It might be a new year, but we saw the same old failings in East London today as Liverpool were comprehensively beaten by a West Ham United side that have now done the double over the Reds for the first time in over fifty years and leapfrogged them in the standings to within touching distance of the top four going into the all-important second half of the season.
An early start gave the Hammers a springboard in the reverse fixture when they ran out 3-0 winners at Anfield and Slaven Bilic’s side did the exact same at Upton Park. The opener may have come under controversial circumstances with Liverpool fullback Alberto Moreno fouled in the build-up to Michail Antonio crashing a diving header past Simon Mignolet, but if you don’t play the whistle, then you’re not doing it right.
Manuel Lanzini could have made it two not long after, but his swerving efforts crashed off the post, letting the visitors off with an easy one. Unfortunately, they failed to capitalize on that gift with Emre Can coming closest at the end of the first half when his guided effort smacked a shot off the bar with a satisfying, but wholly unhelpful, thud.
While they’d certainly start the second half better than the first, Jurgen Klopp’s side failed to deliver anything of real note as their continued lack of end product in the final third undid them yet again. Looking logey at the best of times, the number of misplaced passes the Reds played coming out of midfield was indicative of a lack of focus almost as much as it was a testament to just how well their hosts were set up to counter-act their passing game. We may have been able to paper over these failings against the likes of Sunderland and Leicester City with the intensity in our pressing game working for us, but there was none of that today — a combination of tired legs and tired minds doing us no favours.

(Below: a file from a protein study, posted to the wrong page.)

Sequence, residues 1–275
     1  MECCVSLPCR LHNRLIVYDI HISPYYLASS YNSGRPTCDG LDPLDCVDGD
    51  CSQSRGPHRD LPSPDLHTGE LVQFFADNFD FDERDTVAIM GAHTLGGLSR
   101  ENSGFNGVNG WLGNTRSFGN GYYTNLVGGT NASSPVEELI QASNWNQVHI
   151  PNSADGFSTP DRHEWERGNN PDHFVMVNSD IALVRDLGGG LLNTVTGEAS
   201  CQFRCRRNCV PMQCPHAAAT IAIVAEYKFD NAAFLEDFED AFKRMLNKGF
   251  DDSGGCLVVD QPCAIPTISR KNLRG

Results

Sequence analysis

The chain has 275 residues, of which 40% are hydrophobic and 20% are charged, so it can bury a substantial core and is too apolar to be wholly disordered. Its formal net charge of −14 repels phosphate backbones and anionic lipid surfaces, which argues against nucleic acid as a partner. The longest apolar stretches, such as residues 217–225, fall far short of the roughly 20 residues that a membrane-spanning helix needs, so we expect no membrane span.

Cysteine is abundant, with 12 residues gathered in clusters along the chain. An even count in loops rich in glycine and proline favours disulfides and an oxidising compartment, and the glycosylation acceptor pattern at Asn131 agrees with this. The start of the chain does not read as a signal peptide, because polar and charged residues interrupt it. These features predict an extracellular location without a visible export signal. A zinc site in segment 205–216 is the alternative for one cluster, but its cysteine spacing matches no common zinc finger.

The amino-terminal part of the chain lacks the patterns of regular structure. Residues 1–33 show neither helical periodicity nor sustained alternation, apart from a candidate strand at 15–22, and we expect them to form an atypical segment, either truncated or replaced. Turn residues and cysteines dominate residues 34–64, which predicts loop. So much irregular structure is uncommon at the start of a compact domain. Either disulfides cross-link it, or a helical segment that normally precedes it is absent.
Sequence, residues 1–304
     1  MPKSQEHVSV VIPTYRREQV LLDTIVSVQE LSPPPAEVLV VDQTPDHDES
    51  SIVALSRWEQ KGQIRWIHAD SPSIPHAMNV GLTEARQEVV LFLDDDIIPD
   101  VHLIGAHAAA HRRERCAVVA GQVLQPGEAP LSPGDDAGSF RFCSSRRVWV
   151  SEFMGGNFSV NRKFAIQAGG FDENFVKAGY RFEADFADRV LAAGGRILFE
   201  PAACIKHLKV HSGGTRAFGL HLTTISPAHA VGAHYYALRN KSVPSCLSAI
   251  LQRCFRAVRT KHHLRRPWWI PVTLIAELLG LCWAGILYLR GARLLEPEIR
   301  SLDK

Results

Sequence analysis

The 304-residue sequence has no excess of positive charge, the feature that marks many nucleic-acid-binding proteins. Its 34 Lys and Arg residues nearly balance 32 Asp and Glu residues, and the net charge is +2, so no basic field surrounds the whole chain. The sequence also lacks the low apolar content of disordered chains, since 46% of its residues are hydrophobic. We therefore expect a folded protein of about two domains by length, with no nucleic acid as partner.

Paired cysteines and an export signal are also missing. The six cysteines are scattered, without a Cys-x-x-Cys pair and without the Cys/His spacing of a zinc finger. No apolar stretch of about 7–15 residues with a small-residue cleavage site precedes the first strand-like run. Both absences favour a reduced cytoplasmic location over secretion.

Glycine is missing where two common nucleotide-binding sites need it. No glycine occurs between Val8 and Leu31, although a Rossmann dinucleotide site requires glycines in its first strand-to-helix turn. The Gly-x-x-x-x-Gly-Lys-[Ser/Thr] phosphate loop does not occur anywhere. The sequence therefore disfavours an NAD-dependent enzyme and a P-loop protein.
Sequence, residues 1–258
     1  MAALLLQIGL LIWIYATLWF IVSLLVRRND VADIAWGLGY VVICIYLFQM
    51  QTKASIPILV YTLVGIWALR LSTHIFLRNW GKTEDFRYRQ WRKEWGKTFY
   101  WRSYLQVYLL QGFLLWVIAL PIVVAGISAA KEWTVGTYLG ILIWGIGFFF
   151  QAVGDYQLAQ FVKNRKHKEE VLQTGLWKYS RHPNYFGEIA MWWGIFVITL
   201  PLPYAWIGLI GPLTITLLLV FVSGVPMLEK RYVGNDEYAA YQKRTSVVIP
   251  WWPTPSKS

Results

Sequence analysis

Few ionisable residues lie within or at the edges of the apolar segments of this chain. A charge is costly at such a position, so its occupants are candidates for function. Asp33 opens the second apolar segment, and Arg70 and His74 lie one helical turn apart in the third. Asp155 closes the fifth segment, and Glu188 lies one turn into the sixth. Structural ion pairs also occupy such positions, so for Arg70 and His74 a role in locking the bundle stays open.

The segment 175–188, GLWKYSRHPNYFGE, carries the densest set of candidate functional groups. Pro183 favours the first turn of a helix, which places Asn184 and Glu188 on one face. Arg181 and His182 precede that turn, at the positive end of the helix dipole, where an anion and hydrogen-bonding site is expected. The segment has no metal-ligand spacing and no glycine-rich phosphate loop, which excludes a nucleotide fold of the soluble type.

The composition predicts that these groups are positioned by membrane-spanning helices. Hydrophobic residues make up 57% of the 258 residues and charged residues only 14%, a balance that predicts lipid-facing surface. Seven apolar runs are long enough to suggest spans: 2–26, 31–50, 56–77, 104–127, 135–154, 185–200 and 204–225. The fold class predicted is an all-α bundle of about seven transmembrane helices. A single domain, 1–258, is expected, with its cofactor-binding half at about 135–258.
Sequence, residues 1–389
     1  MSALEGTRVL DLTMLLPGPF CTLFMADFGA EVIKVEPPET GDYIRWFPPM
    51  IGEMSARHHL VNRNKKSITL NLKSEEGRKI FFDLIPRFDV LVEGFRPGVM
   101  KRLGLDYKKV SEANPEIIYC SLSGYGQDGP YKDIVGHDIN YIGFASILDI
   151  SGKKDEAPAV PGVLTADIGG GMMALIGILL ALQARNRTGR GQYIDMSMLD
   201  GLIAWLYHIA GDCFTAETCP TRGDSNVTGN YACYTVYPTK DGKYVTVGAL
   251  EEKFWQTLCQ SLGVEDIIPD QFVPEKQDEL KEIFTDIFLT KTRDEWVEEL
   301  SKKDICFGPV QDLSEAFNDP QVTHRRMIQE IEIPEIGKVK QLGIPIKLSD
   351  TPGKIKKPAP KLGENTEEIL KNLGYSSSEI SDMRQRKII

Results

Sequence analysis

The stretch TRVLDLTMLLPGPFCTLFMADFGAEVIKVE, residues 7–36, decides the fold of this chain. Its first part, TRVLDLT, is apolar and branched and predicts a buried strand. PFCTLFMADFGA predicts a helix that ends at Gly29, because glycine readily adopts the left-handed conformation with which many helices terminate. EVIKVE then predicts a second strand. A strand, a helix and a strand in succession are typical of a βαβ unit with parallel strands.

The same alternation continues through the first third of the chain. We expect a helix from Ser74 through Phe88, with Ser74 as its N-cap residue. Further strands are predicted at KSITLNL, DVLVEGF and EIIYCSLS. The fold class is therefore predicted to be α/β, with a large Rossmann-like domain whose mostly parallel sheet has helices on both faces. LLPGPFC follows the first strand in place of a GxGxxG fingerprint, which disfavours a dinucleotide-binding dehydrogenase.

“The game was decided by two crosses and two headers,” explained Klopp following the final whistle. “At the end of the first half we had our moments but it was not enough,” he continued, matter of factly. “We always had the ball. We could have made more chances but we didn’t so we have to accept that again we didn’t play like we should.”
Very few moments highlighted that more than when Andy Carroll doubled up to effectively put the match out of our reach before we’d even reached the hour mark. On the counter-attack, the Hammers cruised down the left flank and whipped in a cross for the big man to head home. What either goal lacked in originality and finesse, it made up for in both work rate and plain old effectiveness. You’re not winning if you’re not scoring and we’re doing neither.
Lucas, handed the armband in the absence of both Jordan Henderson and James Milner, had a header cleared off the line by Mark Noble and Joe Allen, on as a late sub for Mamadou Sakho, saw his own headed effort fly wide from Philippe Coutinho’s cross with the goal at his mercy as Liverpool’s only real chances of note in the second half were squandered. I’d say something about it being ironic that they fell to defensive minded players with no real eye for goal when we have the likes of Christian Benteke leading the line, but I’m tired of writing this and you’ve already stopped reading it.
If we’re starting the year the way we plan to end it, we’re in for a rough ride. That being said, sayings like that are just hokey nonsense; Klopp may be saying publicly that he wants to work with and develop these players, but the glaring truth is that many of them don’t fit the system or are able to play the style of football that he favours and though some of them will be able to adapt, there will be changes made before this date on the calendar rolls around again.
Mind you, that doesn’t get us three-points in East London…